Japan bankruptcies due to labor shortage at record
NHK -- Jan 11
A survey by a private research firm has found that a record number of Japanese companies went bankrupt last year due to a shortage of workers.

Tokyo Shoko Research says 426 firms declared bankruptcy in 2019 because they couldn't find enough people. That's up about 10 percent from the year before and the highest since 2013, when data first became available.

Breaking down the numbers shows that 270 companies, or more than 60 percent, shut their doors because the head was retiring and couldn't find a successor.

Nearly 80 firms couldn't hire enough workers, even after placing help-wanted ads. Over 40 couldn't replace employees who had retired or moved on. And over 30 couldn't cope with rising labor costs.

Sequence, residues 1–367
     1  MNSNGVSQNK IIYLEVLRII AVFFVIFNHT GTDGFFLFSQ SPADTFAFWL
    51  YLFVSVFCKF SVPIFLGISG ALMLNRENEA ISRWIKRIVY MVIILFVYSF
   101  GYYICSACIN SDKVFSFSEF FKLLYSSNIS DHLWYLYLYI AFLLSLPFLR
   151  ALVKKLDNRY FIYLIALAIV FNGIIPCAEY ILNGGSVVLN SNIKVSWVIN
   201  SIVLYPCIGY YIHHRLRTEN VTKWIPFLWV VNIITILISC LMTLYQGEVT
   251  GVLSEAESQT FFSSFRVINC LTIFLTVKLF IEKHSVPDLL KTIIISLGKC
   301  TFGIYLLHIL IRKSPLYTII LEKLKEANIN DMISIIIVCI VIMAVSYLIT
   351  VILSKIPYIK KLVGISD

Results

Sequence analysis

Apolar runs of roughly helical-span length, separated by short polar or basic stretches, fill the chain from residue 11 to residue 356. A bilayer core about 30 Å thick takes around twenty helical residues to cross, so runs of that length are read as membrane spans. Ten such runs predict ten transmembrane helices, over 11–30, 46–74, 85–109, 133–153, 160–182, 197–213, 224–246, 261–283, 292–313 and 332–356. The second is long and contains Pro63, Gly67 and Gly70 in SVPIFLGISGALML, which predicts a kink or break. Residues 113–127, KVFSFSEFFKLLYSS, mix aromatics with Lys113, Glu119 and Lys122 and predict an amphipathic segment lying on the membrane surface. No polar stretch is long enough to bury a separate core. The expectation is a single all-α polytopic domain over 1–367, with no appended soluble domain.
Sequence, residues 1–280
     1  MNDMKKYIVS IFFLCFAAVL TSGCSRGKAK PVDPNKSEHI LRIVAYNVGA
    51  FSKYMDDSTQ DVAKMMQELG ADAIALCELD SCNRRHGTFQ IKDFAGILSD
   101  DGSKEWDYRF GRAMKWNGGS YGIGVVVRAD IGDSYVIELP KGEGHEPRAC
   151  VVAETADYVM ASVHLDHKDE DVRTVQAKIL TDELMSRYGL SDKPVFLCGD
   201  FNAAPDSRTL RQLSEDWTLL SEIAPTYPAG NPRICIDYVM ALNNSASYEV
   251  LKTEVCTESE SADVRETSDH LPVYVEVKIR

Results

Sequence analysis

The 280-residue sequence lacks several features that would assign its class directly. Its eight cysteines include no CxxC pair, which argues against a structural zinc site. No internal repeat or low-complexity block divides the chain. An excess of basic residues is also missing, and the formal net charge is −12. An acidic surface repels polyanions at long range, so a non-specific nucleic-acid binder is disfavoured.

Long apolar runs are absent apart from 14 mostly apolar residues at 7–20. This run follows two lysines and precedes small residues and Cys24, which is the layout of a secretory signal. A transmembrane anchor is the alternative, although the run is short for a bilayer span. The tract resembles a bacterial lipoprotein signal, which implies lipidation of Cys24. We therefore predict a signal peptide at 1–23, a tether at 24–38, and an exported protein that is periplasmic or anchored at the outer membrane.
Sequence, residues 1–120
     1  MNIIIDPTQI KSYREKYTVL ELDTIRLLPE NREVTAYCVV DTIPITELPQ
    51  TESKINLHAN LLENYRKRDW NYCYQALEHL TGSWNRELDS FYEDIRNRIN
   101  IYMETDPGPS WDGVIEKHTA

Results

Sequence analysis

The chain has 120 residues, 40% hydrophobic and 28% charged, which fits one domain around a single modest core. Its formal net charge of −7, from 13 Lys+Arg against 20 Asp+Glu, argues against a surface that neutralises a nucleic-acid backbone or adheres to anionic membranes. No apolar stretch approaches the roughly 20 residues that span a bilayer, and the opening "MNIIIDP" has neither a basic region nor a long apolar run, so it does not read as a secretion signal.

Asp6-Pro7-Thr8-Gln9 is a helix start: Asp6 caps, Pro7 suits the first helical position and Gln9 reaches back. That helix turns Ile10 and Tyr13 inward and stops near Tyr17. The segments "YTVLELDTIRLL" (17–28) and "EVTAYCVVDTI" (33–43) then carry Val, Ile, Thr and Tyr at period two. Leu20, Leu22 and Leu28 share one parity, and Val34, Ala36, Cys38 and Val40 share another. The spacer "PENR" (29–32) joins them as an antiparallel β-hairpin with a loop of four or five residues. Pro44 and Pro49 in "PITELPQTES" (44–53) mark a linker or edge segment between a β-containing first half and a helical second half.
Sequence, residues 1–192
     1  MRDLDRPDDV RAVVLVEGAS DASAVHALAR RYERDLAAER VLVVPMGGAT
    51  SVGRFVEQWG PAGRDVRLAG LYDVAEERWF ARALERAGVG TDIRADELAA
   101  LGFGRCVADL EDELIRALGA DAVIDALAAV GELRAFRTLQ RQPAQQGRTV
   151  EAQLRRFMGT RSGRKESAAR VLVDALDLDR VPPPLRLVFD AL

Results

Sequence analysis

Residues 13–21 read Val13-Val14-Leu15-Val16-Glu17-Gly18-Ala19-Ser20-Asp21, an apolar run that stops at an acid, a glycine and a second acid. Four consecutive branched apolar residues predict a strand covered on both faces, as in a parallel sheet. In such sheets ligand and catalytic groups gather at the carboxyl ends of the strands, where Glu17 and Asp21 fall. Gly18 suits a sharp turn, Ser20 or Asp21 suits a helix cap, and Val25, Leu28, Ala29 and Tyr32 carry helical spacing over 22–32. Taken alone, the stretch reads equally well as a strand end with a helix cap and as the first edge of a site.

The problem is especially acute in the construction and services sectors. These areas accounted for about half of all bankruptcies caused by labor shortages.

Tokyo Shoko Research says smaller companies are especially vulnerable to worker shortages. It says managers face another tough year ahead, as costs for part-timers and other workers keep rising.

News source: NHK
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